You should spend time on the hypothesis while pursuing your day-job – before you commit three or four years of your life to it. The real question is never 'Can this product be built?' but rather 'Should this product be built?'

Having a business coach early in your entrepreneurial career is probably close to a necessity. If you think that the talented don’t need coaches and only the weak do, it is worth knowing that leading business executives such as Steve Jobs of Apple, Jeff Bezos of Amazon, and Larry Page of Google and more, all did or still do.

These three executives used ex-university sport coach and investor, Bill Campbell. Their description of Campbell provides a good guide for your choice of a coach: he was effective, insightful, hardworking, humble, trusted, and loyal.   

The good vs. the great

"The difference between great and not-great operating executives is that the former learns from mistakes, and make more new ones than old ones," the author explains.

Both start-ups and established businesses are all about people. If you have the right people, you will end up with the right culture.

To increase the odds of success, you need incredibly different incredible people who see what you don’t. Being able to convince highly competent people to join your start-up, with its uncertain future, is a genuinely valuable skill.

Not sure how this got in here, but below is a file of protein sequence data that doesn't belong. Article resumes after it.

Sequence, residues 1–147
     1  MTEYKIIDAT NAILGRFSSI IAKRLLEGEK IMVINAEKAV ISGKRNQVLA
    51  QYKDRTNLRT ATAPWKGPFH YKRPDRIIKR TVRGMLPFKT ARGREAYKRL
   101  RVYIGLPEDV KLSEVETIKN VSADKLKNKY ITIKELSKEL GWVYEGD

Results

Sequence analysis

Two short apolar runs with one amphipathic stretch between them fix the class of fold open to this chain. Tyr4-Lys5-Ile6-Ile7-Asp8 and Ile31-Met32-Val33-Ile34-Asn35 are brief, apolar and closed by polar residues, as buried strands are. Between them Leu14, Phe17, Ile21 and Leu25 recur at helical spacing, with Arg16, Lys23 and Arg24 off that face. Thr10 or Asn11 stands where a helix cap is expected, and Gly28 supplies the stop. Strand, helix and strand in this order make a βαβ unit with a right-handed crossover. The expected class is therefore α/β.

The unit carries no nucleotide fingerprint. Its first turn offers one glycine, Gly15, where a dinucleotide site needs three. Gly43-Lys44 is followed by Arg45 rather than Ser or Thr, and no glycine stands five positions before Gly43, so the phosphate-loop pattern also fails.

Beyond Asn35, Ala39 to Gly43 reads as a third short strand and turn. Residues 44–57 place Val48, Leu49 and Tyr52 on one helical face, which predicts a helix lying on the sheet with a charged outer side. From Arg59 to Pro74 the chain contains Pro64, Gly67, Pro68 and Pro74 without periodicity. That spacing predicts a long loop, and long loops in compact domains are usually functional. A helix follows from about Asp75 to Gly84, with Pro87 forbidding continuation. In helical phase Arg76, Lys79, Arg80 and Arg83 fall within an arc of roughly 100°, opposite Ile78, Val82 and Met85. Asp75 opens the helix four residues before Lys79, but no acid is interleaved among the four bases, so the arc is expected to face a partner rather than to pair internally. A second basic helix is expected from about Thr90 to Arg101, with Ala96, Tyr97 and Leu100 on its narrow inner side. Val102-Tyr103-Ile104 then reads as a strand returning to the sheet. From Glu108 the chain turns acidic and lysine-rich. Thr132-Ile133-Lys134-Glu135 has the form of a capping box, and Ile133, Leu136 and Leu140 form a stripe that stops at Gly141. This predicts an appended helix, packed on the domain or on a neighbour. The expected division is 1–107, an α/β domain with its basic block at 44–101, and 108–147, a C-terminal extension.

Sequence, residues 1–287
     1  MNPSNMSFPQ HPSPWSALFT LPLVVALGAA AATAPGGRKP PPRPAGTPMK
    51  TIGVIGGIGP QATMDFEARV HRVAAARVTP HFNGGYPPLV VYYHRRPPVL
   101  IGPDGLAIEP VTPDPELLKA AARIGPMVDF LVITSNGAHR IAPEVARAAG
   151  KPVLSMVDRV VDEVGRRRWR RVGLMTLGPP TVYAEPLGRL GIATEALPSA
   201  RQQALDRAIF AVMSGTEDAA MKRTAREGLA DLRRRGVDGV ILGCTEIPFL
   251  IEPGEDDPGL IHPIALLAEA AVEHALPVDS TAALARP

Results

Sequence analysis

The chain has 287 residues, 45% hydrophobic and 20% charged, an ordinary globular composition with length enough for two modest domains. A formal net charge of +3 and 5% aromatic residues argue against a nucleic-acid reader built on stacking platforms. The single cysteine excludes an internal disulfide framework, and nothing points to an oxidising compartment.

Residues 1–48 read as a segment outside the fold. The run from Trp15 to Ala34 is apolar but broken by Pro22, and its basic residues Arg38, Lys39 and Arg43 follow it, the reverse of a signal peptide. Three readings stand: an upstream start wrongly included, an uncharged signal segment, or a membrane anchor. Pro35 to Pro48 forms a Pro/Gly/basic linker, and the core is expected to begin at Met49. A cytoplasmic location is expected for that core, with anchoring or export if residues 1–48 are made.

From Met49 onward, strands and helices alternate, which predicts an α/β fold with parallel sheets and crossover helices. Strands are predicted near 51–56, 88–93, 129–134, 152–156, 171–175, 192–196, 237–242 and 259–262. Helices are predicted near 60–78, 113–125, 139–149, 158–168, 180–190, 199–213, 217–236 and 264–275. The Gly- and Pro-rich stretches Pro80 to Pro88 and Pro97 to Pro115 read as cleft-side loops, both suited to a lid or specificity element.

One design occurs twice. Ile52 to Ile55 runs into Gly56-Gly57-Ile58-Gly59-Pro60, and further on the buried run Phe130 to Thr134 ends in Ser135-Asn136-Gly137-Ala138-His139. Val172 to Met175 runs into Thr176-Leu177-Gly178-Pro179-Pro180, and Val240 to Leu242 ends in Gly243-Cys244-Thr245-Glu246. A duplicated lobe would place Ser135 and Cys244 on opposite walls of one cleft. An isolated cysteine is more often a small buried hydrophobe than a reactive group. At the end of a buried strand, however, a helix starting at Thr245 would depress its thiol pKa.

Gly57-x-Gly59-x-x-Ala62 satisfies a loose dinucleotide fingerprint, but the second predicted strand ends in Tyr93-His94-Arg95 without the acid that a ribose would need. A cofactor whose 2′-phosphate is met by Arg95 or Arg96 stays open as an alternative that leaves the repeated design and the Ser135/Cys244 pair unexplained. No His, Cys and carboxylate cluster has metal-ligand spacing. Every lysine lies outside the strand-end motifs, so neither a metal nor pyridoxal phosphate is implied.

This skill is not common, but then, neither is start-up success.

A glass bowl and no ice cream

Operating the business requires a very different set of skills to those needed to start the business. A great operator 'makes the trains run on time', which is hugely important, since terrible things can happen to a business if the 'trains aren’t running on time'.

What do the best venture capitalists looks for in an investment? Great product and great people.

Having a feel for what could be a great product is where the challenge lies for the investor. Marketing alone won’t do it. Jeff Bezos put it clearly: "Trying to create a brand via marketing without great products is like trying to make an ice cream sundae with just a glass bowl and no ice cream." That is rather obvious.

But there are more complex reasons why the same venture capital firms and venture capitalists consistently deliver a huge proportion of the financial returns of the venture capital industry.

One is that they have the best network of people who can help a start-up, beyond finance. They spend a lot of time and effort working on making the start-up a success. This commitment is not an attractive addition to their money, it is what differentiates the great venture capitalist from the also-rans.

Just as the investor looks for a great entrepreneur, in a great market, and then backs him or her, so must entrepreneurs look for a venture capitalist with time, expertise and great connections who are willing help them build their success.

Readability       Light --+-- Serious

Insights                      High +---- Low

Practical           High --+-- Low

  • Ian Mann of Gateways consults internationally on leadership and strategy and is the author of Executive Update. Views expressed are his own.

ian mann  |  book review  |  entrepreneurship  |  start-ups